I’m going to go out on a limb and predict that he will not, in fact, ban fishing, but the meta-narrative is so irresistible — elitist President Arugula coming to grab the bitter-clingers’ rods and reels! — that it simply must be blogged.
Odds of a Palin Facebook comment: High.
The Obama administration will accept no more public input for a federal strategy that could prohibit U.S. citizens from fishing the nation’s oceans, coastal areas, Great Lakes, and even inland waters…
Consequently, unless anglers speak up and convince their Congressional representatives to stop this bureaucratic freight train, it appears that the task force will issue a final report for “marine spatial planning” by late March, with President Barack Obama then issuing an Executive Order to implement its recommendations — whatever they may be.
Led by NOAA’s Jane Lubchenco, the task force has shown no overt dislike of recreational angling, but its indifference to the economic, social and biological value of the sport has been deafening…
As ESPN previously reported, WWF, Greenpeace, Defenders of Wildlife, Pew Environment Group and others produced a document entitled “Transition Green” shortly after Obama was elected in 2008. What has happened since suggests that the task force has been in lockstep with that position paper…
“With what’s being created, the same principles could apply inland as apply to the oceans,” he said. “Under the guise of ‘marine spatial planning’ entire watersheds could be shut down, even 2,000 miles up a river drainage from the ocean.
“Every angler needs to be aware because if it’s not happening in your backyard today or tomorrow, it will be eventually.
Granted, it’s worrisome that environmentalists seem to have captured the task force, but follow the link for details about how many jobs are at stake if angling gets scaled back dramatically to please the greens. Think The One’s going to hand Republicans that talking point in this political climate? How excited do you suppose red-district Democrats will be to see the White House bring down the hammer on fly fishermen with an election eight months away?
Sport Fishing magazine asked his campaign about new restrictions in September 2008 and got the following answer:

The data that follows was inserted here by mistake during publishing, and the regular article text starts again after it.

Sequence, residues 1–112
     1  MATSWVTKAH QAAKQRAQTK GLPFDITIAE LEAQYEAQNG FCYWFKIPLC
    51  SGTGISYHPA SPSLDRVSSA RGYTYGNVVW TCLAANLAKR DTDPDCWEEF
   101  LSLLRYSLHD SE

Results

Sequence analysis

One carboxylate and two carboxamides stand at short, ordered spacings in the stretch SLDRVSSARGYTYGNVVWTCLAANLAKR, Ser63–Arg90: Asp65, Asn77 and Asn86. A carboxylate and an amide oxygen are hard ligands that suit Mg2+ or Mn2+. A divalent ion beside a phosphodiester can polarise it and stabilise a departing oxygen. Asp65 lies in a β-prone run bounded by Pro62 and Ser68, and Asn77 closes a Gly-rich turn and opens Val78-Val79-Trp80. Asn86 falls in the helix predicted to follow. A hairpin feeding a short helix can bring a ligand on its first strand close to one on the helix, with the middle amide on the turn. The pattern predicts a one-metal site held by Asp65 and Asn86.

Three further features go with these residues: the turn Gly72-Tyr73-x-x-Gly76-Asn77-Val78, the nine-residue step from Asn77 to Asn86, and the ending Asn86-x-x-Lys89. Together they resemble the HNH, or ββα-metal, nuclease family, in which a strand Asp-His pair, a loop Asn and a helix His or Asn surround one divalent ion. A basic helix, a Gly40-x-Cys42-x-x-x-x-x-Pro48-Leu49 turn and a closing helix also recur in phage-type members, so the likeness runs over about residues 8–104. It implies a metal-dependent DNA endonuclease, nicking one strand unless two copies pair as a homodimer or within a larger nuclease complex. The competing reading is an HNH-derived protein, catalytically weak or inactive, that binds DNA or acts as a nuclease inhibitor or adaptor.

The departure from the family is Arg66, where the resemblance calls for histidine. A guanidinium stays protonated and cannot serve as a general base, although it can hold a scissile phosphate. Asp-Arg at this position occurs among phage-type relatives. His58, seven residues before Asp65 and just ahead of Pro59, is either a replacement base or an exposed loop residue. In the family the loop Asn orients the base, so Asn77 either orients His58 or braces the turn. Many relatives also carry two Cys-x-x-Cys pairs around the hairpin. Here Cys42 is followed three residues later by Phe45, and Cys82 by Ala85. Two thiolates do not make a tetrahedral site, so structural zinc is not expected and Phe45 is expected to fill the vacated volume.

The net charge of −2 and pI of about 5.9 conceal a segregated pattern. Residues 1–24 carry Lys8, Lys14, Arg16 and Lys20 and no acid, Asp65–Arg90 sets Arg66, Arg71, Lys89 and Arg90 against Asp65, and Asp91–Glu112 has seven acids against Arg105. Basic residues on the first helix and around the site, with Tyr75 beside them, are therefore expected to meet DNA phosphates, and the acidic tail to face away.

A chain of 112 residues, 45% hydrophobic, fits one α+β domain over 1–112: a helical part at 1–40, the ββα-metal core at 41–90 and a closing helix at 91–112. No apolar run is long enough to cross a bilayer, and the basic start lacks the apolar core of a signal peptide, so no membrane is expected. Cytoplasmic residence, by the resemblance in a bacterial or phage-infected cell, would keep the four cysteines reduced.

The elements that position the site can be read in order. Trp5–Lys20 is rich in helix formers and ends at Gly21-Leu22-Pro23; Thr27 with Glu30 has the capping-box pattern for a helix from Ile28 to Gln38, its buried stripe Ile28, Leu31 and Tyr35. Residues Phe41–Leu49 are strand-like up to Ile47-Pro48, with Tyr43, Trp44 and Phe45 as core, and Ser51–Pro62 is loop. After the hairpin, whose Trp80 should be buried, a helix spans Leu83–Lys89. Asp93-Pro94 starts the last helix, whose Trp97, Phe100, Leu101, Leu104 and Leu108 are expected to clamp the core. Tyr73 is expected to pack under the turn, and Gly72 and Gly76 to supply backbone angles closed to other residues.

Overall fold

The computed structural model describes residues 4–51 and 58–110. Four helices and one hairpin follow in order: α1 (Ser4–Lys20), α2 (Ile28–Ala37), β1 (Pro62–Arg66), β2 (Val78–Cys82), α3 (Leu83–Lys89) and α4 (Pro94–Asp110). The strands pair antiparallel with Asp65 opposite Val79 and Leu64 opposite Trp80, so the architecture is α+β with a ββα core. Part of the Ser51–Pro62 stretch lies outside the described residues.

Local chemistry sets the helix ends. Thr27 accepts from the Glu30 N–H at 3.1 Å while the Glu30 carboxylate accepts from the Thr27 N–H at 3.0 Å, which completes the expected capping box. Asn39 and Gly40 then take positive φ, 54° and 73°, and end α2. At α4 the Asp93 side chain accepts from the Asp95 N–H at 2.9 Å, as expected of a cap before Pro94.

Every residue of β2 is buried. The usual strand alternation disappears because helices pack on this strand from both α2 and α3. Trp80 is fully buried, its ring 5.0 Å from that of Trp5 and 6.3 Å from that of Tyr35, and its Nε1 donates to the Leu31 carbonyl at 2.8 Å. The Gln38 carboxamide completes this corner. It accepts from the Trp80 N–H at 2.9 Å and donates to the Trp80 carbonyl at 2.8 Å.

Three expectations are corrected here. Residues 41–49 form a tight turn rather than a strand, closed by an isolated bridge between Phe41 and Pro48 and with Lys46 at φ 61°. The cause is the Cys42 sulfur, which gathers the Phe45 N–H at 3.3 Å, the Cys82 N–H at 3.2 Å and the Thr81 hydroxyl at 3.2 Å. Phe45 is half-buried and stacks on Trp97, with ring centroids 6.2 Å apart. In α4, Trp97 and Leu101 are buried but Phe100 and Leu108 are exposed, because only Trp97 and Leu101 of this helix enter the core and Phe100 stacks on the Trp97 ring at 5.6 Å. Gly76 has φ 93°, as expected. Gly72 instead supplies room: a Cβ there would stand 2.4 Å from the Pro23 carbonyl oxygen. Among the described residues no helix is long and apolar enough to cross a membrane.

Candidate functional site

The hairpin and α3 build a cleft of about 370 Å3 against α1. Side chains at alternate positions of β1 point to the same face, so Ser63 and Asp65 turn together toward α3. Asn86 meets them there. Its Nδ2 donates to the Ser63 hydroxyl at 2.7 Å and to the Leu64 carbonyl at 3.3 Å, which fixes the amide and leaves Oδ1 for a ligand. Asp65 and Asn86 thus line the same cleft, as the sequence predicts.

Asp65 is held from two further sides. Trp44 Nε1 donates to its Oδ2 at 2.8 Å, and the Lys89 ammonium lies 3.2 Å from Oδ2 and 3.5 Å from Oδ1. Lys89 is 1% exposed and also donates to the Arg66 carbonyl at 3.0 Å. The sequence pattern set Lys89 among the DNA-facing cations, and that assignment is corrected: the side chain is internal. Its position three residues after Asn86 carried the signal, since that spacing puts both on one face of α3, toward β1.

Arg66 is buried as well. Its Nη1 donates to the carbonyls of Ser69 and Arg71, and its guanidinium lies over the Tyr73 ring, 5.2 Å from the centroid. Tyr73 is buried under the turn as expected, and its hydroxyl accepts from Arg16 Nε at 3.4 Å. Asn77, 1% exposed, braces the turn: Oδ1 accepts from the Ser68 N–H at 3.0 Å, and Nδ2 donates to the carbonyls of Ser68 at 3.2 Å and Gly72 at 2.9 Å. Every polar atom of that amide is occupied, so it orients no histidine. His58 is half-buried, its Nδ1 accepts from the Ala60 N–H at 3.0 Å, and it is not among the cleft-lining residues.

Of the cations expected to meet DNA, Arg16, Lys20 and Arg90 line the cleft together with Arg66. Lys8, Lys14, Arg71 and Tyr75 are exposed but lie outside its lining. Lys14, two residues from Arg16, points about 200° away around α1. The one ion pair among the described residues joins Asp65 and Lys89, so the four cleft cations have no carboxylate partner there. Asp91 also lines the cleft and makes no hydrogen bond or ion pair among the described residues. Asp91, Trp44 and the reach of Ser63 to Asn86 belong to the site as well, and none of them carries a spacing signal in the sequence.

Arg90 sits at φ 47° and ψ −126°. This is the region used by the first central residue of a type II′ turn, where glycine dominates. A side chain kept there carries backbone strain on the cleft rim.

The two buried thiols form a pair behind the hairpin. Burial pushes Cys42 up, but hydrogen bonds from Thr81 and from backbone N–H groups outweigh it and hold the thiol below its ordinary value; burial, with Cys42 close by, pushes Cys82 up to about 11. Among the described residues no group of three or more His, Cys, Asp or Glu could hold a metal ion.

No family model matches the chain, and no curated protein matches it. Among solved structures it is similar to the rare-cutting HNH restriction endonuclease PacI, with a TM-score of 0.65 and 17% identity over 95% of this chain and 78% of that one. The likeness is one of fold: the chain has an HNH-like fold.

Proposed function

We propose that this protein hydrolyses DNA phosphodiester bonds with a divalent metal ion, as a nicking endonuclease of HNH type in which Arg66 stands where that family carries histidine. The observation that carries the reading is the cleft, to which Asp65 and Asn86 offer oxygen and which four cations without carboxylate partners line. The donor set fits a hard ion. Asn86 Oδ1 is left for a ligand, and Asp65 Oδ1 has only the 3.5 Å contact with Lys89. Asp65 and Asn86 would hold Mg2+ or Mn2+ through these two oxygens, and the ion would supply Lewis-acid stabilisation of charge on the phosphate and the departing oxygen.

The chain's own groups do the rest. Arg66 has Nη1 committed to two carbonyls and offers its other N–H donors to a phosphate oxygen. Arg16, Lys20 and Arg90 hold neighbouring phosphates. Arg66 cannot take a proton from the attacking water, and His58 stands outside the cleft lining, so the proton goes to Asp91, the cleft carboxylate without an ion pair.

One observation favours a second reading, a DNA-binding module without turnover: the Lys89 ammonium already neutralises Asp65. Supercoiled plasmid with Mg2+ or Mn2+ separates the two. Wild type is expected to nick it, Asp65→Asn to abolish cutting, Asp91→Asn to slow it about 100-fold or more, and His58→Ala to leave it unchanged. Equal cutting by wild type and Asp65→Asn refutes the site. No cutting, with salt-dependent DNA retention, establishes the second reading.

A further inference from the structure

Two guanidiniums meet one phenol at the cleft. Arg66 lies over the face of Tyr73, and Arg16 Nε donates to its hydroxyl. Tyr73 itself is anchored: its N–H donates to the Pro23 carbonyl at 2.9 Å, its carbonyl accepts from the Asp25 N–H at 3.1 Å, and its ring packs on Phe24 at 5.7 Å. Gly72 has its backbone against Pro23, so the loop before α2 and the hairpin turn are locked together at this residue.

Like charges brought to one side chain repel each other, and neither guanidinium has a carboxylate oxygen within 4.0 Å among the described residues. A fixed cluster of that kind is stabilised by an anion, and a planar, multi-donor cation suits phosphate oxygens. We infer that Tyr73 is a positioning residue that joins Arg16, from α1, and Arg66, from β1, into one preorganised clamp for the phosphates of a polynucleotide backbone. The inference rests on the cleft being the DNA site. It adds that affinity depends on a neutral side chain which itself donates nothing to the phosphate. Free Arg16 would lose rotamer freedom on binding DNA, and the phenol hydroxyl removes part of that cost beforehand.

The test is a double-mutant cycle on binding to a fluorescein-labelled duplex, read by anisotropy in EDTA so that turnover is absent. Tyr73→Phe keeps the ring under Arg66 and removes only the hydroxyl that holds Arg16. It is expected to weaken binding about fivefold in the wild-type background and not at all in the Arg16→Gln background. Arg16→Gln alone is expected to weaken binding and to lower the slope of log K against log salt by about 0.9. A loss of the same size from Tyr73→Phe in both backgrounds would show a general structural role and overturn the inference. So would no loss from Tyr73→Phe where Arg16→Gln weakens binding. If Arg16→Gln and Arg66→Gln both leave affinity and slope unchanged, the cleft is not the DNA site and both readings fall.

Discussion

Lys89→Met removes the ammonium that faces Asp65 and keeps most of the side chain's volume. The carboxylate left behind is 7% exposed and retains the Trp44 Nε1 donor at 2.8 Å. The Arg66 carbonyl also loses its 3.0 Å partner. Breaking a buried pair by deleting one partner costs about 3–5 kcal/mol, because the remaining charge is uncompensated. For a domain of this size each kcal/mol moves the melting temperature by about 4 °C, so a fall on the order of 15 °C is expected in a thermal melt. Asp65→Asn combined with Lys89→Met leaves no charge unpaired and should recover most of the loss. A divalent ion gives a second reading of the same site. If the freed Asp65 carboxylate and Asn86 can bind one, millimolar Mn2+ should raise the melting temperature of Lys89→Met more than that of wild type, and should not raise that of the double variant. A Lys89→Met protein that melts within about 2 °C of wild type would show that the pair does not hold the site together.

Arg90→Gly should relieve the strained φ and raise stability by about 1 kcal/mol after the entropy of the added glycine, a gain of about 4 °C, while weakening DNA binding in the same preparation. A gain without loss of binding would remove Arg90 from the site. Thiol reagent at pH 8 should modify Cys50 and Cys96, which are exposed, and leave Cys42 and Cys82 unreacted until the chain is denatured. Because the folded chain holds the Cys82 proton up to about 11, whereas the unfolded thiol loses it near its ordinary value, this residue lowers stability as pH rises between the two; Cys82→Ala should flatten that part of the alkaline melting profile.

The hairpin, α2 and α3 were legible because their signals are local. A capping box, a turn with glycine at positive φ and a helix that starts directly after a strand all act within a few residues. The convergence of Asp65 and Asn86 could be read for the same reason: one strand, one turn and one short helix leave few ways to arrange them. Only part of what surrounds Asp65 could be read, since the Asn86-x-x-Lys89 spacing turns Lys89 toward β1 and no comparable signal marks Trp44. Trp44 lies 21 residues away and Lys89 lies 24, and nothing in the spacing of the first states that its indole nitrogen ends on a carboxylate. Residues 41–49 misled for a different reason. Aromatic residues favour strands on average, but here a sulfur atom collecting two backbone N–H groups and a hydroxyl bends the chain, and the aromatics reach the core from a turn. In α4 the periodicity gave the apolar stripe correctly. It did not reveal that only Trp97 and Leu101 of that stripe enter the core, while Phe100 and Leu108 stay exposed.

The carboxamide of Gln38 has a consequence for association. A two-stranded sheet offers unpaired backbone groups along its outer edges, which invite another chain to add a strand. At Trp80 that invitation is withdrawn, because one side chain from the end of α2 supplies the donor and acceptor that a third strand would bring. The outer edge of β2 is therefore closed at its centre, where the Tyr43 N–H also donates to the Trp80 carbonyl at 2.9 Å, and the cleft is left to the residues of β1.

My administration would place the emphasis in fishery management where it belongs: in ensuring the long-term health and sustainability of stocks through the use of effective and appropriate conservation measures. Such an approach would not provide a preference for one management tool, such as a marine reserve, over another. Given sufficient management controls and data, a fishery can meet conservation objectives through a variety of catch controls and habitat-protection measures, including gear restrictions, bag limits or closures. In some cases, additional conservation measures may need to be taken to ensure a positive recreational marine-fishing experience for future generations of Americans. Recreational fishermen have not shirked from embracing such measures when needed to achieve long-term stock sustainability, as long as measures are matched to the problem. While marine reserves may be an effective means of achieving important goals, their use and design must be based on an assessment of impacts and balanced by a strong respect for the ability of recreational anglers to practice their sport. In my view, we need to be open to the use of a variety of innovative conservation tools and be prepared to use them if the science justifies their establishment, and if it has been determined that less-restrictive options will not achieve critical goals like rebuilding fish stocks. The decision to establish marine reserves should be made as a result of a transparent, science-based process and be the least intrusive possible to get the job done. Such a process should include outreach to the sport-fishing community to explain both the scientific basis for the action and the expected conservation benefits to future fishing generations if it is to gain the community’s active support.
That bit about “balance” is an official Barack Obama campaign promise, baby, which means you can take it to the bank. Seriously, though: Given the backlash British pols faced a few years ago when they banned fox hunting (the sport has since flourished and the Tories say they want to repeal it) and given the deep but as yet unfounded suspicions about The One’s designs on guns, why would he pick a completely needless fight with rural voters? Explain to me how this makes sense for him.